Two more Kuwaiti legislators have resigned in protest at the parliament's refusal to question the prime minister on corruption allegations, bringing to five the number of MPs who have quit over the issue.
Ali al-Rashed, a former parliamentary speaker, and Safa al-Hashem, the only female MP in the 50-member house, said on Sunday that they had resigned because the situation in the Gulf state had reached a "deadlock."
"The deviation in the use of monitoring and legislation powers in parliament has led to killing the questioning tool and silencing MPs," the two polticians said in their resignation letter.
On Wednesday, opposition MPs Riyadh al-Adasani, Abdulkarim al-Kundari and Hussein al-Mutairi resigned after the pro-government parliament rejected their demand to question the prime minister over allegations he gave cash handouts to
The three MPs blamed Prime Minister Sheikh Jaber Mubarak Al-Sabah, a senior member of the ruling family, for deteriorating public services in the emirate and took him to task for the temporary closure of two newspapers,
claiming the move was aimed at stifling freedoms.
Parliamentary speaker Marzouk al-Ghanem, speaking in an interview with Al-Rai television on Saturday night, said the resignations were a co-ordinated conspiracy to "dismantle institutions in the country," including an attempt to force the dissolving of parliament.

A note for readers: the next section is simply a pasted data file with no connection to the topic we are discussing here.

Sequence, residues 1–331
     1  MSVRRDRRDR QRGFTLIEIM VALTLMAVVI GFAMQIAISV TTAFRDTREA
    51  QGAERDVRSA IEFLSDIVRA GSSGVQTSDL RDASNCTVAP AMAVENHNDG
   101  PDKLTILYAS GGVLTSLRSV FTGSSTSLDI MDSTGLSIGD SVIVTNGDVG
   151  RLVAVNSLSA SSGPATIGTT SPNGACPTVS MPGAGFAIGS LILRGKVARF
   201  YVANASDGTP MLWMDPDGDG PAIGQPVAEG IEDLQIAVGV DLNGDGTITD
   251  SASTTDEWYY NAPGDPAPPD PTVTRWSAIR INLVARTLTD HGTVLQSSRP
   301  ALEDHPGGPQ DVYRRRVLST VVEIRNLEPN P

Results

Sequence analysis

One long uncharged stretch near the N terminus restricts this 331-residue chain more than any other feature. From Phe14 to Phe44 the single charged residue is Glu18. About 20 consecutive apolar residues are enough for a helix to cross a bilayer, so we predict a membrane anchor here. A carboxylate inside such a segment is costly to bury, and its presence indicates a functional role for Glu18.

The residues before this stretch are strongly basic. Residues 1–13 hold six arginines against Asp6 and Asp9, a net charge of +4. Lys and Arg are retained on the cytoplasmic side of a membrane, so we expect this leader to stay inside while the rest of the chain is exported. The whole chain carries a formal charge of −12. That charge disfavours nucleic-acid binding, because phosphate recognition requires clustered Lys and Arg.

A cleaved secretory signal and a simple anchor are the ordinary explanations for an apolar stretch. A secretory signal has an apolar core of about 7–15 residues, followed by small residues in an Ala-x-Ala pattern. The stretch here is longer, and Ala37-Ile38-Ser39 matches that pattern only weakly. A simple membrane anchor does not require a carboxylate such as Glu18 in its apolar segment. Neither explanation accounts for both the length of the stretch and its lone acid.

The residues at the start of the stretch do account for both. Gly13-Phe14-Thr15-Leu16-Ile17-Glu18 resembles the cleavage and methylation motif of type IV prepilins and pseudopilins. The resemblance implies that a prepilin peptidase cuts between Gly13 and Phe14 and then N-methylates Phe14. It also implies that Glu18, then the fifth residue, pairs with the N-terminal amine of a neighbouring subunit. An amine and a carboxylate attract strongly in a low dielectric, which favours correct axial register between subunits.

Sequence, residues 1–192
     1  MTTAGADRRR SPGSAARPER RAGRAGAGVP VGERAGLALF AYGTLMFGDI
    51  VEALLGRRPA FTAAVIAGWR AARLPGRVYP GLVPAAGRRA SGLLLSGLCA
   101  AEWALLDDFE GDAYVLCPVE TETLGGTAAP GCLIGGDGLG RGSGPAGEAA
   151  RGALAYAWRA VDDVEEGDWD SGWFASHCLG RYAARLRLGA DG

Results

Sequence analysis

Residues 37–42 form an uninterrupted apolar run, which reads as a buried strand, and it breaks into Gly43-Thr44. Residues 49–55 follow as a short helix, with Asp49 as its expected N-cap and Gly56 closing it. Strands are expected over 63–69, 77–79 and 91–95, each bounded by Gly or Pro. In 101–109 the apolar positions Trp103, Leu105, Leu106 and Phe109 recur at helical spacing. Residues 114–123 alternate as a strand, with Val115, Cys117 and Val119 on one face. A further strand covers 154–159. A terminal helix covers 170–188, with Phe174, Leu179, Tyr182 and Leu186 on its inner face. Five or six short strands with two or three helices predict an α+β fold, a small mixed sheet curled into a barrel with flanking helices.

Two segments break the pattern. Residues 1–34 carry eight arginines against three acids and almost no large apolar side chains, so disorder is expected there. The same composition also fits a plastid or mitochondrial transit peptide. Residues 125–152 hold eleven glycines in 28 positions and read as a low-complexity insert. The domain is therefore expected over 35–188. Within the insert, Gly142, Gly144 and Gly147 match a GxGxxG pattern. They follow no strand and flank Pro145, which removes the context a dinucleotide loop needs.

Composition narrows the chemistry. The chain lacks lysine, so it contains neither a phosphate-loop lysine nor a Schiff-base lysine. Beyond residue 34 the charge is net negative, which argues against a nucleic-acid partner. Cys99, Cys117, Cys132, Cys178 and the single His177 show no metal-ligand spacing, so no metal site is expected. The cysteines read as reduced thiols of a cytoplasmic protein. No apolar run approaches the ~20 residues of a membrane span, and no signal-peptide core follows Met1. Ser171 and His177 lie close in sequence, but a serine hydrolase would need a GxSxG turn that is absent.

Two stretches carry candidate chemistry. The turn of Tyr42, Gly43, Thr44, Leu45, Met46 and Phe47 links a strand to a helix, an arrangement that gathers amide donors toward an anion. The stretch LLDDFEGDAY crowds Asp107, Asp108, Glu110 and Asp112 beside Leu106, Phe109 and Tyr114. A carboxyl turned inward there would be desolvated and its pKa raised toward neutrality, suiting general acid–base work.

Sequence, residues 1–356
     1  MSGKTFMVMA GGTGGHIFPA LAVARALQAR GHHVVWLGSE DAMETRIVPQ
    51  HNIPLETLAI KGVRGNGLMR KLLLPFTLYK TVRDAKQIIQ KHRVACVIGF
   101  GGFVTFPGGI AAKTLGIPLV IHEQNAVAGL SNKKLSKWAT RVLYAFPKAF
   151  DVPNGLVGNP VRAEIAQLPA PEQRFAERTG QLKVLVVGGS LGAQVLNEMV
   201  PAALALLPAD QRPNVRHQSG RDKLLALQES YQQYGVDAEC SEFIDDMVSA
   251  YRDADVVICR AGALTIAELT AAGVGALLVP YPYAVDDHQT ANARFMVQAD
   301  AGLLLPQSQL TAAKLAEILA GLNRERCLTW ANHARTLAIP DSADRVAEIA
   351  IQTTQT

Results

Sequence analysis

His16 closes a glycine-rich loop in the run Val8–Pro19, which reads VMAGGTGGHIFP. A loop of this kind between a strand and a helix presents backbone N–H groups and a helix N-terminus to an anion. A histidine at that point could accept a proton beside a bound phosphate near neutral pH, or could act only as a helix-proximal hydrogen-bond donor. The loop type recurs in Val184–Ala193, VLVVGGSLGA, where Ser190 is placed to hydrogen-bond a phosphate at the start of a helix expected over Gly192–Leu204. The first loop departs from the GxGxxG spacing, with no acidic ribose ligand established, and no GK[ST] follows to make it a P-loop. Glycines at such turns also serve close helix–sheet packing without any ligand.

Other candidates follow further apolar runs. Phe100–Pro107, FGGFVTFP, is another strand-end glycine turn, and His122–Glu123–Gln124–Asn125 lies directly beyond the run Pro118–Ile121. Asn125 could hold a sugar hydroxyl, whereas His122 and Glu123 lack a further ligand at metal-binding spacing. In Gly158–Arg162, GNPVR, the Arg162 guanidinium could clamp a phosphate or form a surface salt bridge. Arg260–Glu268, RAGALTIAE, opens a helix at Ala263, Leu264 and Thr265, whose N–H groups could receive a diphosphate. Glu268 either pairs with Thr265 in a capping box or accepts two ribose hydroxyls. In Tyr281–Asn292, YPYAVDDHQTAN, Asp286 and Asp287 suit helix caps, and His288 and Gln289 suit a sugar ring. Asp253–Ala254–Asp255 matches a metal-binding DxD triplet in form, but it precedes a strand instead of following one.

Ghanem also said that a number of other MPs are under tremendous pressure to resign and that he expected that more would quit.
The speaker said on Sunday that he met Emir Sheikh Sabah al-Ahmad Al-Sabah, who has the sole authority to dissolve parliament.
"The emir reaffirmed total backing and full confidence in the national assembly ... and dissolving the assembly now is totally ruled out," Ghanem told reporters outside parliament.
He said the emir also stressed that any attempt to destabilise the country will fail.
Under Kuwaiti law, parliament has 10 days to study the resignations. If it accepts them, by-elections must be held within two months.